Document Type


Source Publication Title

Journal of Systems and Integrative Neuroscience



Neurodegenerative diseases and traumatic brain injury, whose hallmark features are the presence of focal axonal swellings (FAS), are leading causes of cognitive dysfunction. By leveraging biophysical observations of FAS statistics, we develop a theoretical model of functional neural network activity driven by adaptive changes from plasticity. Based upon the FORCE model of Sussillo and Abbott [1], our innovations highlight the role of plasticity in overcoming injuries and degeneration of neurons in a network architecture. We provide a quantitative measure, on a network level, of cognitive deficits arising from injury. We demonstrate that plasticity is capable of overcoming mild injuries while failing to compensate for more severe injuries. Such injuries are characterized by their underlying effect on spike trains propagating through the neurons in a network architecture. Specifically, spike trains can be filtered in firing rate, or blocked under more severe FAS. The level of injury dictates the FORCE model’s ability to produce a desired output functionality (and associated behavior) and allows for quantitative metrics for accessing cognitive and behavioral deficits. Thus a direct link between FAS in neural networks and compromised functional response can be established. The theoretical framework developed is a promising computational framework for providing a deeper understanding of the cognitive deficits arising in, for instance, Alzheimer’s, Parkinson’s, Multiple-Sclerosis, and TBI. [This is an open-access article distributed under the terms of the Creative Commons Attribution License, which permits unrestricted use, distribution, and reproduction in any medium, provided the original author and source are credited. DOI: 10.15761/JSIN.1000120]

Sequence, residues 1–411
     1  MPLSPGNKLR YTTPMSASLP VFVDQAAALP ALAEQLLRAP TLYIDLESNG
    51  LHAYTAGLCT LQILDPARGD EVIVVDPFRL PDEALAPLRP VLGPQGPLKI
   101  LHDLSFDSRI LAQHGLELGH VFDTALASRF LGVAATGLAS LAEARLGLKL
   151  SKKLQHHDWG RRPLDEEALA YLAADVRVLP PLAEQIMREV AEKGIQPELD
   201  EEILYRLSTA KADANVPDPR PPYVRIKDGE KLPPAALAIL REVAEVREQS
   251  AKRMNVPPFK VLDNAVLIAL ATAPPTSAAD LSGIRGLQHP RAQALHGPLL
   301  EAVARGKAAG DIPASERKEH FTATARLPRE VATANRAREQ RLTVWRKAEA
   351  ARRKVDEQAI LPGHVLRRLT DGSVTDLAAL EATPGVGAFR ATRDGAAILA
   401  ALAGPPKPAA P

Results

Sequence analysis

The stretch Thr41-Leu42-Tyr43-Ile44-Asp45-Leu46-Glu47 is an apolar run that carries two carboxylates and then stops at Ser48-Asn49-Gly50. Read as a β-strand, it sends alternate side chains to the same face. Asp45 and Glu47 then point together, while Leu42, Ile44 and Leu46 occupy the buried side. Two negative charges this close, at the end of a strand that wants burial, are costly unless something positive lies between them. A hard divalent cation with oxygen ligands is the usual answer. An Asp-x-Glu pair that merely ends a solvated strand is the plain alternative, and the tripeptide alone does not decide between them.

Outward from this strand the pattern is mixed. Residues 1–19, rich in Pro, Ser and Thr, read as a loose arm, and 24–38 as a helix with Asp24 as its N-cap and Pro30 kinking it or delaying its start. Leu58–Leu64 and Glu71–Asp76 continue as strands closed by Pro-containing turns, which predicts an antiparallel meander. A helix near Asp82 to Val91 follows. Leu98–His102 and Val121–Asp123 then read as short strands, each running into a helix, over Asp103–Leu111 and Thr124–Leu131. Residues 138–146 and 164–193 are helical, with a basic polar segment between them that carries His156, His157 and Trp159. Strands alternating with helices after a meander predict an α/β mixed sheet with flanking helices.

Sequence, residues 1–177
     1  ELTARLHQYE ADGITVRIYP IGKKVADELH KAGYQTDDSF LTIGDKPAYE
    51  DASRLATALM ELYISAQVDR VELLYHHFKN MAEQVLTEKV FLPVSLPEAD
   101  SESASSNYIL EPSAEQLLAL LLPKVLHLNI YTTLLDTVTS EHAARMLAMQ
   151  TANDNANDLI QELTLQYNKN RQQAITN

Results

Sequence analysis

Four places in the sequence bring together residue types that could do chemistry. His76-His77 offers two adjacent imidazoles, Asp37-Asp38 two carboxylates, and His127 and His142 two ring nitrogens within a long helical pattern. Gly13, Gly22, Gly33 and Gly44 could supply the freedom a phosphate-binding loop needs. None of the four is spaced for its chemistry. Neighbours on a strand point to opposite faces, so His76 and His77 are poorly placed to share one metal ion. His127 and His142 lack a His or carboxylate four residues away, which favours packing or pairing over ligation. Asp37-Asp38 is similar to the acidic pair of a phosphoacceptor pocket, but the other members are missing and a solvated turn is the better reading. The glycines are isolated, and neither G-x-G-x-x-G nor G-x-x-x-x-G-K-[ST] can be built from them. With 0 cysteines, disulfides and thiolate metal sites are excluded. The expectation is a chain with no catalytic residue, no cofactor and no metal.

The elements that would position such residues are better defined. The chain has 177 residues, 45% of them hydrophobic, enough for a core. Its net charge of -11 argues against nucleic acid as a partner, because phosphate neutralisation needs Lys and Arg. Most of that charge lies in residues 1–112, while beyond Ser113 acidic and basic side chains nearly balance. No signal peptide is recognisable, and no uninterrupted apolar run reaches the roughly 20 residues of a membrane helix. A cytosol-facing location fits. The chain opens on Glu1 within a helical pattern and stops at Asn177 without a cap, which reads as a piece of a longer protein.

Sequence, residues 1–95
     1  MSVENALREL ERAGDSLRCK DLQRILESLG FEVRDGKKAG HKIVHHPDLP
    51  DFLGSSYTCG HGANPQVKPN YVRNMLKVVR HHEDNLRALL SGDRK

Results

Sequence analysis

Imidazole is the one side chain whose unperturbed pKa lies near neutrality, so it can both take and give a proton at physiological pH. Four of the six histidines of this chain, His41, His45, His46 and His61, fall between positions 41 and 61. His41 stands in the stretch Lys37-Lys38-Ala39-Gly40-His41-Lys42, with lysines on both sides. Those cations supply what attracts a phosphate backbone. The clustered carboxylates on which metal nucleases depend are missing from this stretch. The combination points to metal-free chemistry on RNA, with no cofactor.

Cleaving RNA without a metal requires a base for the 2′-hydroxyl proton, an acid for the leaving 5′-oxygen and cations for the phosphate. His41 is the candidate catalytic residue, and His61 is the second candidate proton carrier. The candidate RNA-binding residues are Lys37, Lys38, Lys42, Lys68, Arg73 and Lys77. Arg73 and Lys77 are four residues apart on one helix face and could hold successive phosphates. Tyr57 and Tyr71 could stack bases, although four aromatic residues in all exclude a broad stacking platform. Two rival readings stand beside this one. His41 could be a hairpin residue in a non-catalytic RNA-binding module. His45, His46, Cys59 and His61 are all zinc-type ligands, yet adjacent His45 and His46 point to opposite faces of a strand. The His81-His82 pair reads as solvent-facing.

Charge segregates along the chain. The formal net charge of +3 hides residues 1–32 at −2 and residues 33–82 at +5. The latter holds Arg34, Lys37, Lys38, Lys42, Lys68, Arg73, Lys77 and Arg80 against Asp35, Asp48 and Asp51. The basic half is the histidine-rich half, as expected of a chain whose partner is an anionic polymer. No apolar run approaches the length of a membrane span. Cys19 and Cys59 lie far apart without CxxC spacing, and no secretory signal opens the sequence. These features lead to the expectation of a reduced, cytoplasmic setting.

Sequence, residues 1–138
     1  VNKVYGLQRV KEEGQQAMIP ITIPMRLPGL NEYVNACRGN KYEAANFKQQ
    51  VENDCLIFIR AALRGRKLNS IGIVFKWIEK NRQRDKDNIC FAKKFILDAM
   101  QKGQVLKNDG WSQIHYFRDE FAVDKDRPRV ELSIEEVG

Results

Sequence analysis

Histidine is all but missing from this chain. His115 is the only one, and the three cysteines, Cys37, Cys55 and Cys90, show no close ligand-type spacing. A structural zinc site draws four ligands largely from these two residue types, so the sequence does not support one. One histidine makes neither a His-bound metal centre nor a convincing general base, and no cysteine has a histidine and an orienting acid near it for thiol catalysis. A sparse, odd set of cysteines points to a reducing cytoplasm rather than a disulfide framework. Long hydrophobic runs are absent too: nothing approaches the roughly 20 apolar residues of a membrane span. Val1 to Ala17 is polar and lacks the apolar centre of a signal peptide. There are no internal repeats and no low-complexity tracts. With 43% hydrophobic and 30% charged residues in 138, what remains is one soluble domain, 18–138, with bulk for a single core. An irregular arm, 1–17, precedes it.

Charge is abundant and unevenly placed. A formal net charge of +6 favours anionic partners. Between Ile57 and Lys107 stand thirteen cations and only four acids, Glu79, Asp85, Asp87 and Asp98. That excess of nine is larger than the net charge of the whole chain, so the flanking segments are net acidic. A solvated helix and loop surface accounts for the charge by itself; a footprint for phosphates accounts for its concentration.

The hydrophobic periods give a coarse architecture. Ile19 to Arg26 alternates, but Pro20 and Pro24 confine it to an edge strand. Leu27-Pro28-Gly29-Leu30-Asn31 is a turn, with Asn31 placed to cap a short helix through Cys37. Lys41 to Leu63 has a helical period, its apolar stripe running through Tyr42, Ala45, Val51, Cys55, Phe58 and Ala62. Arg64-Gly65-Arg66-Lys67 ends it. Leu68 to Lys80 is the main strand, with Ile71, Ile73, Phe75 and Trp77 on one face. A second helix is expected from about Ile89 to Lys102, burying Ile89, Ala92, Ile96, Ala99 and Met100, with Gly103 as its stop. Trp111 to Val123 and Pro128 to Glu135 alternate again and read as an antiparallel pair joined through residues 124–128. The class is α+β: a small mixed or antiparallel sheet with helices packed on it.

Mathematics | Physical Sciences and Mathematics

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Mathematics Commons



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